Americans Assess US International Strategy
Program on International Policy Attitudes (PIPA)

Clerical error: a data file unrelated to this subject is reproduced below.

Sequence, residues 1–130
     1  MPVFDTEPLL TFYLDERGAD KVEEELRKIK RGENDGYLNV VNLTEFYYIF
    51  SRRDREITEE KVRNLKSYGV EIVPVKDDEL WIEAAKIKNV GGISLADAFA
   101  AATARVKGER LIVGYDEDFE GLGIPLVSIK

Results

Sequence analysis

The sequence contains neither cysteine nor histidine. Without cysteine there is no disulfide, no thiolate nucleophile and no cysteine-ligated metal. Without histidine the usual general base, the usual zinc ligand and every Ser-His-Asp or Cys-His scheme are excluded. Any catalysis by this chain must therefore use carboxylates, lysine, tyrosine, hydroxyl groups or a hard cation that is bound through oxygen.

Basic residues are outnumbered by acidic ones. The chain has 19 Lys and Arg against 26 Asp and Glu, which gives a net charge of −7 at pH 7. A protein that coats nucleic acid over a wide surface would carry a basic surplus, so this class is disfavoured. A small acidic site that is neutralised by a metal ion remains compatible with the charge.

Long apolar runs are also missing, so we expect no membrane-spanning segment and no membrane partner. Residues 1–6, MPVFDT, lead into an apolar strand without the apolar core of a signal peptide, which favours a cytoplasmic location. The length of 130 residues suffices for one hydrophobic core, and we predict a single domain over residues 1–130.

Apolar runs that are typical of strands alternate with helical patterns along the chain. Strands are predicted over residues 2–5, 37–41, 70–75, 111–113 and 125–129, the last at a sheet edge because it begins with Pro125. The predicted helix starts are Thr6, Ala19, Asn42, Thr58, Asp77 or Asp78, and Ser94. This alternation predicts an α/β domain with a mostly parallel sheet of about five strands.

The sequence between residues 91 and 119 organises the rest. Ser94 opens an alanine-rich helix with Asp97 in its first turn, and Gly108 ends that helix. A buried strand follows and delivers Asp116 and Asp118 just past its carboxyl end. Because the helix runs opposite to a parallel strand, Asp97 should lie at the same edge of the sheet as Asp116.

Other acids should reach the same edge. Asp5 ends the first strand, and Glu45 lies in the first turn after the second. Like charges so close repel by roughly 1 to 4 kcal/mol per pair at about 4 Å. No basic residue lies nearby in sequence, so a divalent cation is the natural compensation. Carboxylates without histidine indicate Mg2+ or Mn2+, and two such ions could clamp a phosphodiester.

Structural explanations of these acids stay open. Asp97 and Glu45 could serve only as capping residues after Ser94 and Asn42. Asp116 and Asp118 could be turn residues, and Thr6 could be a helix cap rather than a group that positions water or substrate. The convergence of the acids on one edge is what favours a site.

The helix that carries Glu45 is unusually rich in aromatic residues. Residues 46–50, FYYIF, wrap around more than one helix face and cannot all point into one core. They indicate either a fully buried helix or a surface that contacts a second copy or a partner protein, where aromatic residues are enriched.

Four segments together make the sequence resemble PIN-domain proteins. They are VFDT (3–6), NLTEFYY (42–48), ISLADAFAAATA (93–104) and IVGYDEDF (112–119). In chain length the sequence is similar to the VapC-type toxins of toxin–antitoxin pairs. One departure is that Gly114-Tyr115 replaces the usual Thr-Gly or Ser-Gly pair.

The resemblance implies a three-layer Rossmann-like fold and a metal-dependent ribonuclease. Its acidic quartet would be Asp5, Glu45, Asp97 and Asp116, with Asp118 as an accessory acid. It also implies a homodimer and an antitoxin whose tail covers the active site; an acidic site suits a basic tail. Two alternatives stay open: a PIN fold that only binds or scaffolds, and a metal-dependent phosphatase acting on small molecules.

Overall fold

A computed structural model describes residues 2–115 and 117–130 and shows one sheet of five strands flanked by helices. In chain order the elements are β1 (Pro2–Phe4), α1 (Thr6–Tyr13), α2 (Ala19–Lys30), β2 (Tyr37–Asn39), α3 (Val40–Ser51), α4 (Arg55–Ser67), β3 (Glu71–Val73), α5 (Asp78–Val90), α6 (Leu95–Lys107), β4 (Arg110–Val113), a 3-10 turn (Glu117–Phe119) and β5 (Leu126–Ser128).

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The dramatic Republican loss of the House and Senate has been widely interpreted as a critique of the Bush administration’s international strategy, leading to the departure of Secretary of Defense Donald Rumsfeld and UN Ambassador John Bolton. However elections are a blunt instrument, raising questions about what Americans do not like about US international strategy. Is it simply that Americans are frustrated about the situation in Iraq, or do Americans differ with other aspects of US strategy? What international problems would they emphasize? Which policies would they change? The Bush administration came into office with an apparent determination to be less constrained than previous administrations when it comes to using military force. Do Americans believe that there has been a change in the world’s perception of US readiness to use military power? If so, do they think this has helped or hurt US security? What do Americans think has been the effect of the United States’ invasion of Iraq? In 2003, PIPA found a large majority assumed that the war in Iraq decreased the likelihood that Iran and other problem countries would try to acquire weapons of mass destruction. What do they think now? How do Americans feel about how the United States is dealing with Iran? The Iranian government claims to be enriching uranium solely for its nuclear energy program, while others in the international community, including the United States and the United Nations Security Council, suspect that Iran is seeking to develop nuclear weapons. The Bush administration has resisted entering into talks with Iran until it first stops enriching uranium. Do Americans believe this is the best approach? Do Americans think that threats of air strikes will dissuade Iran from enriching uranium? Do they see air strikes as a viable military option? Do Americans think that the United States should be willing to negotiate a compromise with Iran? How do Americans feel about how the United States is dealing with Iraq? The Iraq Study Group has released its report calling for engaging Iran and Syria, holding an international conference and gradually drawing down US forces. Is American public opinion in line with these proposals? How do Americans feel about how the United States is dealing with North Korea? Do Americans feel that the United States should be willing to offer security guarantees or provide aid if North Korea gives up its nuclear weapons? To address these and other questions WorldPublicOpinion.org conducted a poll with a nationwide sample of 1,326 Americans, Nov. 21-29. It was developed in conjunction with the conference, “Leveraging U.S. Strength in an Uncertain World”, to be held by the Stanley Foundation Dec. 7 at the Ronald Reagan Building, 1300 Pennsylvania Ave., Washington, D.C. The poll was designed by the Program on International Policy Attitudes at the University of Maryland. It has a margin of error +/-2.7-3.9 %, depending on whether the question was asked to the whole sample or a half sample, and was fielded by Knowledge Networks, using its nationwide panel, which is randomly selected from the entire adult population and subsequently provided internet access. For more information about this methodology, go to www.knowledgenetworks.com/ganp.